To The Daughter Of A Mom With Mental Illness…

If you grew up in a home where mental illness was prevalent, this article is for you.

To The Daughter Of A Mom With Mental Illness…

To The Daughter Of A Mom With Mental Illness…It’s with utmost sincerity that I write to you, daughter of a mom with mental illness. With genuine and heartfelt empathy, I pen this article in hopes of helping you know that you are not alone, and your worth is far more valuable than you were raised to believe. What you have experienced growing up as a child of a mother who had mental struggles is awful, and it is not uncommon for your sense of trust, self-worth, and reality to be distorted as you have grown. But it doesn’t have to be an indicator of your own future relationships and family.

How do you know if you’re the daughter of a mom with mental illness?

Simply put, if you know, you know. And my heart earnestly breaks for you. You have endured a gamut of detrimental behavior by the woman that is supposed to be your nurturer, your advocate, and your cheerleader. Instead, you have likely experienced a roller coaster of emotionally charged situations in your life, and the trauma can have lasting effects on you throughout your life.

While I can attest to my own mom not having a mental illness, over the past year, I have come to know numerous women and children who have been the victims of mentally unstable, malicious, and mean mothers. Yes, I’m using the word victim because what these outrageous moms have inflicted upon their daughters truly dumbfounds me, and I cannot understand how a mother can selfishly scar their kids. You deserve so much more, and you should have been told, “I love you,” with no strings attached. You should have been loved purely, with kindness, patience, and without a record of wrongs. (1 Corinthians 13)

To The Daughter Of A Mom With Mental Illness…

I have witnessed moms tell their daughters that the daughters were a mistake, not good enough, not smart enough, and not talented enough. I have seen mothers try to outshine their daughters, jealously justifying acting in competition to their kids. Mothers have questioned their children’s loyalty when the child pushes back, even when that child is grown. Mothers have used their daughters for bargaining chips in failed relationships, for crutches during emotional distress, and for excuses when it is convenient. Mothers have called names, claimed selfishness on the child’s part, and created unnecessary drama, all as a result of their own mental illness. Love bombing, extreme narcissistic behavior, ignoring, cutting-off, over-compensating, and bartering affection for favors – these can all be normal happenings in homes where mental illness is present in mothers.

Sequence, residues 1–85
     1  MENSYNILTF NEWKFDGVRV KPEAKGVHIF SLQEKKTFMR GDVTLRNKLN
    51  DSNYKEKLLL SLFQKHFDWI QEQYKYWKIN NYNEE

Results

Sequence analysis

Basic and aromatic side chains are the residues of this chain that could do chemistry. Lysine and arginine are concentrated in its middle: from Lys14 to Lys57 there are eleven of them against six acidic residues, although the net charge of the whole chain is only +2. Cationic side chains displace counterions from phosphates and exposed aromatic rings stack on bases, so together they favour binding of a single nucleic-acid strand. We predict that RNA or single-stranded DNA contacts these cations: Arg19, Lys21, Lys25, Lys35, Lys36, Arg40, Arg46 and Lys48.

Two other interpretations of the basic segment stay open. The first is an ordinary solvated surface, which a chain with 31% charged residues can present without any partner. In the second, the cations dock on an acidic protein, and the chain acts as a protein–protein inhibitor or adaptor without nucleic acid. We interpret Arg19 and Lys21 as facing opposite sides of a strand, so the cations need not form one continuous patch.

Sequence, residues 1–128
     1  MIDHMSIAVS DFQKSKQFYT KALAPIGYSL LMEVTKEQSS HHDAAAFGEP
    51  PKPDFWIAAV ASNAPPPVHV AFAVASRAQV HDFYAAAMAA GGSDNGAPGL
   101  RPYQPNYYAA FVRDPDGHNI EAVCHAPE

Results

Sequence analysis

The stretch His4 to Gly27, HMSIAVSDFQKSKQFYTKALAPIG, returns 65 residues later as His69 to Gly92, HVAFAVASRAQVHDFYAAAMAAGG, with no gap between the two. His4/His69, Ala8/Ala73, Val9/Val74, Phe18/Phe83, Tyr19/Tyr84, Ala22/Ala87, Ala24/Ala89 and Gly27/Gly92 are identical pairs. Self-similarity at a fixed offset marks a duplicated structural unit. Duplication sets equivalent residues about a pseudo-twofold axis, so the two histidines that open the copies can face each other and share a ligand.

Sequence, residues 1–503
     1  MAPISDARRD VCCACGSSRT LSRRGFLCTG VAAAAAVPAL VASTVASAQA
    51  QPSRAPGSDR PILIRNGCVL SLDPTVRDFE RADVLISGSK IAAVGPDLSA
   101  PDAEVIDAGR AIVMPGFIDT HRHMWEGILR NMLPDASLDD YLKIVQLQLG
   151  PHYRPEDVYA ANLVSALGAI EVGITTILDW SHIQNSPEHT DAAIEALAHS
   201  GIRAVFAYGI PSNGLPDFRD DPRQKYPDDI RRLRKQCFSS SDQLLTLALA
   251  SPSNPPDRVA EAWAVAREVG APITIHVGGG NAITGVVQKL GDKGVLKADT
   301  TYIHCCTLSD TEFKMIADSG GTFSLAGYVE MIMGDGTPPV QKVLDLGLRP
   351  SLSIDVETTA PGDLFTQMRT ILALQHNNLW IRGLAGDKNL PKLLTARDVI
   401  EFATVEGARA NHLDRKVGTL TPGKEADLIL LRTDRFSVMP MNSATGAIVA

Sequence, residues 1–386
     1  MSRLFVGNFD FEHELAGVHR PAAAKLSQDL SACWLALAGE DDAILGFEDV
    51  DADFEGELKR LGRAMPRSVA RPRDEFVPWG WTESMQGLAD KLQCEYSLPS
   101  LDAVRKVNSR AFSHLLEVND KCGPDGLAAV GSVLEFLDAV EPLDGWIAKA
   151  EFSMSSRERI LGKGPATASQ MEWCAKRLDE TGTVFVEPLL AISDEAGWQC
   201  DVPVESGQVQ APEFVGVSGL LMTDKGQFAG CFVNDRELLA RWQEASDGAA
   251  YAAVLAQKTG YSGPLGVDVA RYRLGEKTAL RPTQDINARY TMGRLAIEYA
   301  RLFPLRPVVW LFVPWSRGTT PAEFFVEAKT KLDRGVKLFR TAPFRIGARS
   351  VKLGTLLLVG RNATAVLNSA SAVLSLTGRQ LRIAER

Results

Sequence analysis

The Center for Disease Control and Prevention recognizes over 200 different diagnoses of mental illness.

Some mental illness can result in moms having difficulty coping with everyday life as a parent, causing daughters to grow up in an unpredictable home where chaos is an unfriendly norm. Other more severe mental illness can have consequences of children feeling unsure, unsafe, unloved, and unwanted.

Do you recognize yourself as a daughter of a mentally ill mom?

If so, please be encouraged that you are not alone, and know that acknowledging your childhood trauma should not be stigmatized nor left unspoken, and recognizing your situation is very important in the healing process.

To the daughters that are adults and must endure friends and coworkers discussing their healthy mother-daughter relationships: it’s not fair that you were cheated out of this experience. You should never have to cringe or have panic attacks at correspondence with your mother, and your hearts shouldn’t have to grieve the void of a healthy relationship.

To The Daughter Of A Mom With Mental Illness…

There are a few very specific things that I want you to know:

  1. You are valuable, and you are NOT the sum of your mother’s issues. You are capable of having mentally healthy relationships.
  2. You do not have to repeat cycles in your own family. If you suffer from mental illness, pursue the help you need so that you can ensure your family gets a healthy, whole experience with you.
  3. Your feelings are validated. Your struggles can be your strength and you should embrace your survivorship as a badge of honor.
  4. You can control your boundaries as an adult. You don’t have to entertain behavior from your mother that hurts you. If you are not strong in this area, there are so many resources that can strengthen your journey.
  5. Keep your head up and your feet pressing forward.

To the daughter of a mom with mental illness: you are brave, capable, beautiful, and you are loved.

Kimberly Wigglesworth
Kimberly is a wife, mom, friend, community leader, and full-time business executive. She’s a Baton Rouge native, third-generation LSU grad with an MPA, and a self-proclaimed champion of both mastering chaotic schedules and creating coocoo jingles (mostly about burps, butts, and farts) to laugh kids out of tantrums. She enjoys playing board games with her husband and friends, jamming to throwback songs from the 90s, hosting neighborhood game nights, and spending time with her family and two puppies. Coffee is her crutch and comedy is her prescribed medicine for life’s insanity.


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